The National Catholic Bioethics Center has issued a statement on the Connecticut Bishop’s decision to allow Plan B without an ovulation test. This is a very informative statement that covers both the medical and ethical dimensions of this.
The role of bishops.
Bishops do not write medical protocols; health care professionals and medical institutions do that. If a protocol concerns a procedure that has ethical implications, it will be submitted to a bishop for his ethical judgment reached in consultation with medical and ethical experts. If the bishop is convinced the procedure will not violate the moral law, he will not stand in the way of its being implemented. He will basically grant what is called a �nihil obstat� which basically means there are no moral objections to the implementation of this protocol. Bishops simply do not have the competence to adjudicate between competing scientific claims about the mechanisms of drugs.
In matters that have not yet been decided definitively by the Holy See, The National Catholic Bioethics Center has refrained from adopting one or another position on a disputed question. However, in the matter of protocols for sexual assault, there is virtual unanimity that an ovulation test should be administered before giving an anovulant medication. The protocol the NCBC has supported requires the ovulation test because it provides greater medical and moral certitude that the intervention will have its desired anovulatory effect. The NCBC objects strongly to state mandates, such as those passed by Connecticut and Massachusetts, that do not allow health care professionals and facilities to exercise their best medical judgment and which do not protect the consciences of all parties. We also object to state mandates that do not allow the victim of sexual assault to have all the information necessary for a medical intervention so that she might make an informed judgment. However, the NCBC understands the judgment of the Connecticut bishops that the administration of a contraceptive medication in the absence of an ovulation test is not an intrinsically evil act. However, it is immoral to violate one’s conscience, including the corporate consciences of health care agencies, and the unwillingness of the state to allow an exemption of conscience makes the law unjust and onerous.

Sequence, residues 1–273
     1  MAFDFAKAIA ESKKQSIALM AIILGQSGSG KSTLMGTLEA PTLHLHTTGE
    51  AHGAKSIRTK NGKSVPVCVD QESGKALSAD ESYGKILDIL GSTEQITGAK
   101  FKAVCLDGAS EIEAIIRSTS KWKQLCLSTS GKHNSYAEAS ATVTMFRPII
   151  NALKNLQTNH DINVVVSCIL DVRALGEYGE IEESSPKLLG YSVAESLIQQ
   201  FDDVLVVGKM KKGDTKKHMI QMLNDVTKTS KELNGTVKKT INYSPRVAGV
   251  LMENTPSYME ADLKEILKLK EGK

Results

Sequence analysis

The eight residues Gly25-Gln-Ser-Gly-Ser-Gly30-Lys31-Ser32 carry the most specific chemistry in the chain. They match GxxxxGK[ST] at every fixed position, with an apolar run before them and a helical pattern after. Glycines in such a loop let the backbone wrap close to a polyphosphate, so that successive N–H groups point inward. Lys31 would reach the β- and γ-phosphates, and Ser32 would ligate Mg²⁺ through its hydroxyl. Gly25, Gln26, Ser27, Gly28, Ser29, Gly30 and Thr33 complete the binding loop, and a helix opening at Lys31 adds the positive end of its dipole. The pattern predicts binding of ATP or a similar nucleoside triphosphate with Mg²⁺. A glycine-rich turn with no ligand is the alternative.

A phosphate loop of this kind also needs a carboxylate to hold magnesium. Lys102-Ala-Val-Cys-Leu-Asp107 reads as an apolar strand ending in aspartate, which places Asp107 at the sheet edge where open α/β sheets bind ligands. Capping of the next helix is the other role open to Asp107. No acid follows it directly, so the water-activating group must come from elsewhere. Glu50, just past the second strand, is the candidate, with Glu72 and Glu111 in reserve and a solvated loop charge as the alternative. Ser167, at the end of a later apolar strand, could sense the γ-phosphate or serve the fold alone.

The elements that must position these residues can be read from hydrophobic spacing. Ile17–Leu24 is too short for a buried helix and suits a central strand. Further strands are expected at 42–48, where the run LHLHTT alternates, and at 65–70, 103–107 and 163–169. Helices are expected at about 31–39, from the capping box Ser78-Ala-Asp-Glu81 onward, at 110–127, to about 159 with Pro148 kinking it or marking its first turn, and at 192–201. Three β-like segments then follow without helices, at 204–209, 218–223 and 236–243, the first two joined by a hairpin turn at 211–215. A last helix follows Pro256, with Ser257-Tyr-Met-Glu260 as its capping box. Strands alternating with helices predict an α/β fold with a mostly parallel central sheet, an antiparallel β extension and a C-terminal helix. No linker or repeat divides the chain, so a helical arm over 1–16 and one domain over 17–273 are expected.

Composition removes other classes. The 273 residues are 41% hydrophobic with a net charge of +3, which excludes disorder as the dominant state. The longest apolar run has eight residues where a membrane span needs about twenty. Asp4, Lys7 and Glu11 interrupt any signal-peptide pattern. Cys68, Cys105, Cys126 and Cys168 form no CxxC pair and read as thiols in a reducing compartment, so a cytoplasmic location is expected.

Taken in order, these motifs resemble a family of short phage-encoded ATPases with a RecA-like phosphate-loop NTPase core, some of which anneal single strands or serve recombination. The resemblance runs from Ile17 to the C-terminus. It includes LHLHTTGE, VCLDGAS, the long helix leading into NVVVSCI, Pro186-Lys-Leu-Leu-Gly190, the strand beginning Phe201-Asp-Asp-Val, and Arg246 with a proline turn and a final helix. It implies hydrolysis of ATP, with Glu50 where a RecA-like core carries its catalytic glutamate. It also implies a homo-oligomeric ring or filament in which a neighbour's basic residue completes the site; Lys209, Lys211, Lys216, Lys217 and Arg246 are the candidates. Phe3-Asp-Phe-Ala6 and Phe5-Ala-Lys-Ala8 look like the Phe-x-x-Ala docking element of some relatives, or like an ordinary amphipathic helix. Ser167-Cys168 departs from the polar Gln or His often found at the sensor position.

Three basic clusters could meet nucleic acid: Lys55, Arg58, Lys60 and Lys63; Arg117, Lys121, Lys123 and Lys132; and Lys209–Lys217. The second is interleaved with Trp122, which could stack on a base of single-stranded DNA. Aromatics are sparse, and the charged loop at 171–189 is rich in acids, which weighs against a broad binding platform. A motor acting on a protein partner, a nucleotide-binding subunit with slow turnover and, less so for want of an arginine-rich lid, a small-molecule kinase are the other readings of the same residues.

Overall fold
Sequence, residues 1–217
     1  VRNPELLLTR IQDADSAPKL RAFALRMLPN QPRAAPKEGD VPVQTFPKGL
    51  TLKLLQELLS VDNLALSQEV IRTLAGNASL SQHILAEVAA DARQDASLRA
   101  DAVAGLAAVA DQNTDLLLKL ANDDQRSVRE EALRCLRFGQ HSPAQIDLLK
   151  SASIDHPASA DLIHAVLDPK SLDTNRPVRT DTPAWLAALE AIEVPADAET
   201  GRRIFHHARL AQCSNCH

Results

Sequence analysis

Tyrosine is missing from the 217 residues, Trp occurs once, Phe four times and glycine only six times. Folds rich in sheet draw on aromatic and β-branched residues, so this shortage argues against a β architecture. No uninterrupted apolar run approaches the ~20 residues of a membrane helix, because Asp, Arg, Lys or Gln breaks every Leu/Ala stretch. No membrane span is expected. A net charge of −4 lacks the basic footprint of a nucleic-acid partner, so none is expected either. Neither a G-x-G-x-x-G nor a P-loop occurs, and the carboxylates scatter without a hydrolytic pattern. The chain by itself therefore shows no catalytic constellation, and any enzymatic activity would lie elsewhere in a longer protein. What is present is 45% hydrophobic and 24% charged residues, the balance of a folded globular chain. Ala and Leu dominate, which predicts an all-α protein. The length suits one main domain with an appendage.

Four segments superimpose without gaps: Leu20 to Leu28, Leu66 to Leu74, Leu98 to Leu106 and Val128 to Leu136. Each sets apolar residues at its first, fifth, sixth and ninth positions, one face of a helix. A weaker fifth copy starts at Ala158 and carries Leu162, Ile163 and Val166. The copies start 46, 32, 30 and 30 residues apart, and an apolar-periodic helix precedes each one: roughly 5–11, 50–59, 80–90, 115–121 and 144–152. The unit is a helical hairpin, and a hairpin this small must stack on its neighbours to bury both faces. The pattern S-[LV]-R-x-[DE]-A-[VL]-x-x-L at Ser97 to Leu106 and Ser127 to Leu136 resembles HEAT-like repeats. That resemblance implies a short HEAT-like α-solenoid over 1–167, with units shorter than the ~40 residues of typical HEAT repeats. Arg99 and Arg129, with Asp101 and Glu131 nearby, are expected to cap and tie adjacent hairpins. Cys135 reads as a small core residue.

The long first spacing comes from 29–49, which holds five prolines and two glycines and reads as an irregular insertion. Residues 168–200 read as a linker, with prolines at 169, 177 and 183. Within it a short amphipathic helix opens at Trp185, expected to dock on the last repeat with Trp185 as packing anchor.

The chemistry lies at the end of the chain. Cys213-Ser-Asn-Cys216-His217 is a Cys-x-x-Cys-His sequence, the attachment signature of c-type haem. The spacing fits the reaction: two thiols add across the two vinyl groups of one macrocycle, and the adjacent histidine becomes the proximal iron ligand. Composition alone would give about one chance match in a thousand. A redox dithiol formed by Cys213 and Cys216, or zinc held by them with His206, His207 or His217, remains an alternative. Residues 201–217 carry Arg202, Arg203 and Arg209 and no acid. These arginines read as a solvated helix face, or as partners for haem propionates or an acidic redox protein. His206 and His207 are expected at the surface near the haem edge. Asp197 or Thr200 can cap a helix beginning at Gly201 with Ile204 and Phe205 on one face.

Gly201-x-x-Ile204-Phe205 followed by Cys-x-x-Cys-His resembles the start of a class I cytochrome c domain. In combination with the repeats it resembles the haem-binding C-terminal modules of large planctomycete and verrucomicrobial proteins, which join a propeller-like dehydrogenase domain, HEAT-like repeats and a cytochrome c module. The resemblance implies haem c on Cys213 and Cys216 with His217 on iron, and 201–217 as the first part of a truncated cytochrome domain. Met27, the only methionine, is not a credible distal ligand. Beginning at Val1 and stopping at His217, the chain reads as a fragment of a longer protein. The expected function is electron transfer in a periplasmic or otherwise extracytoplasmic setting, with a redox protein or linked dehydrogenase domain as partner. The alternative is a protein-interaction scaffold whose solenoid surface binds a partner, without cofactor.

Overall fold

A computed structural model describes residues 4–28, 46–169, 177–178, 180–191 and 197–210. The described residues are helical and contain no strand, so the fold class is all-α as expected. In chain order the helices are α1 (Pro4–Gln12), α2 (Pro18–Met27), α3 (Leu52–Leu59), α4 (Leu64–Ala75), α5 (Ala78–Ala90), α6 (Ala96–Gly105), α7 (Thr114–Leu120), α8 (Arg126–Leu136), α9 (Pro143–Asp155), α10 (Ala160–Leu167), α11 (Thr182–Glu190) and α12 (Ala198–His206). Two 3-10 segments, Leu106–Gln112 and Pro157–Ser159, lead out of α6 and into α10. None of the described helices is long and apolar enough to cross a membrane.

You can read the full statement a the Catholics United for the Faith blog.
CUF is a great organization and I love their CUF Blog motto "Think with the Church!"